Quality Control, Reviews, Video games

Quality Control – Life Force

The box art for Life Force

The box art for Life Force

So, for Issue 2 of Nintendo Power, I picked for my game of choice Life Force by Konami, which was billed as the spiritual successor to Gradius.

To be frank, it has a lot in common with Gradius – both in terms of the ship design, most of the weapons in the game (laser, missile, option) and the power-up system in general.  In general, the game controls pretty well, though I’m playing this with the X-Box 360 controller rather than the the NES controller, so I have an Analog Stick to work with. Anyway, the weapons work very well, and the game’s new weapon, the pulse cannon, works significantly better than the similar weapon from R-Type.

Ultimately though, if you want to make a good shump, what you need is good combination of solid controls, good level design, good weapon selection (and the weapons don’t have to be original, necessarily, they just need to be useful),  and good enemy design – with both the generic enemies and the bosses, and both in terms of their movements, and in terms of their attack pattern (how do they move, do they fire bullets, if so how many bullets to they fire, how fast do they travel, and so on). Oh, and you can’t have slowdown.

So, with Life Force, the level design is okay. The game borrows some of the techno-organic visual themes that were used in R-Type (as well as earlier in Alien) for some of the early stages, and pulls it off fairly well. Later stages involve an astroid enviroment, and diving into a sun. In general, all of these stages work decently. This doesn’t mean the game doesn’t have its problems in the levels. Several of the levels require the player to shoot through a large, wide barrier by blasting a hole through it with your cannons. To aggrivate things, they also have enemies shooting at you for some of the levels, and they may also have the barrier regenerate behind you (depending on the level). Consequently, if you die in any of these sequences, you’ll likely end up dying multiple times, unfortunately.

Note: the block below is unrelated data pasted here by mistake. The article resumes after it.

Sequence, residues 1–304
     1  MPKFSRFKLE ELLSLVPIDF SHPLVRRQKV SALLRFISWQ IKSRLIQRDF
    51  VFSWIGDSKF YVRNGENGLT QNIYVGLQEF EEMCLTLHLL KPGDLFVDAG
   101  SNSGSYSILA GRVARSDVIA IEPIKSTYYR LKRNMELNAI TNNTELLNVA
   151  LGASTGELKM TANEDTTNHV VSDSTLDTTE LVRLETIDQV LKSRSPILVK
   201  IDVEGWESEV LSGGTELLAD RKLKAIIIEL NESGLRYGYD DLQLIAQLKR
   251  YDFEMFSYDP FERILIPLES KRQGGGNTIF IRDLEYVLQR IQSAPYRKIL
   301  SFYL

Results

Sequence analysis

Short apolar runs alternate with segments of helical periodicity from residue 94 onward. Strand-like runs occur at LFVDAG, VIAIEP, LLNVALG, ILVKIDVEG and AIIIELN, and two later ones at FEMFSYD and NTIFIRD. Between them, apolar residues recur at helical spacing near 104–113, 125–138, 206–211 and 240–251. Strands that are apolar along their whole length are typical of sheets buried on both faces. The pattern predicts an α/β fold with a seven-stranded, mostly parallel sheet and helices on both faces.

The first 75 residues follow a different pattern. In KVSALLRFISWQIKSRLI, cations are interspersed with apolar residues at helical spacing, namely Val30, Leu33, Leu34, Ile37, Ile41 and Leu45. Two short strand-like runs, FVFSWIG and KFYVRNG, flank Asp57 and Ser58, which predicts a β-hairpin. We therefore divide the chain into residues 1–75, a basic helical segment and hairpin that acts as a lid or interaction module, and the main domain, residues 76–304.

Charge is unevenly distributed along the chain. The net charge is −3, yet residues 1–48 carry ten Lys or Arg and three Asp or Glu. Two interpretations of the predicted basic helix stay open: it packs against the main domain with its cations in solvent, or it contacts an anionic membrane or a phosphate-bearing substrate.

There isn’t a password mode,  so you can come back to the game later, so you have to go through this in one play-thru. For better or worse, when you die, you’ll start almost where you were, rather than being bumped back to a prior checkpoint, so if you get through a long set-piece segment (such as in the first game where you were bombarded by volcanos), if you die immediately after getting through the sequence, you don’t have to go through the sequence again. Unfortunately, if you need to Continue, you have to go back to the beginning of the level (and I’m pretty sure that Continuing doesn’t replentish the number of lives supplied by the Konami Code).

Speaking of which, the Konami Code does work in this game, getting you 30 lives from the title screen, and supposedly getting you a full stock of power ups when used while paused in game, but I couldn’t pull it off, so I can’t confirm that.

The game has one other problem of note that I find significant – the game encounteres some slowdown problems on the second level. While I am playing the game using Emulation, I also made sure I didn’t have any background processes running in the background that could be slowing down performance, and I’m using a system that is significantly faster than the NES.

Does It Live Up To The Hype: Yes, it does.  This is a good, solid, shoot-em-up, and definitely a worthy successor to Gradius.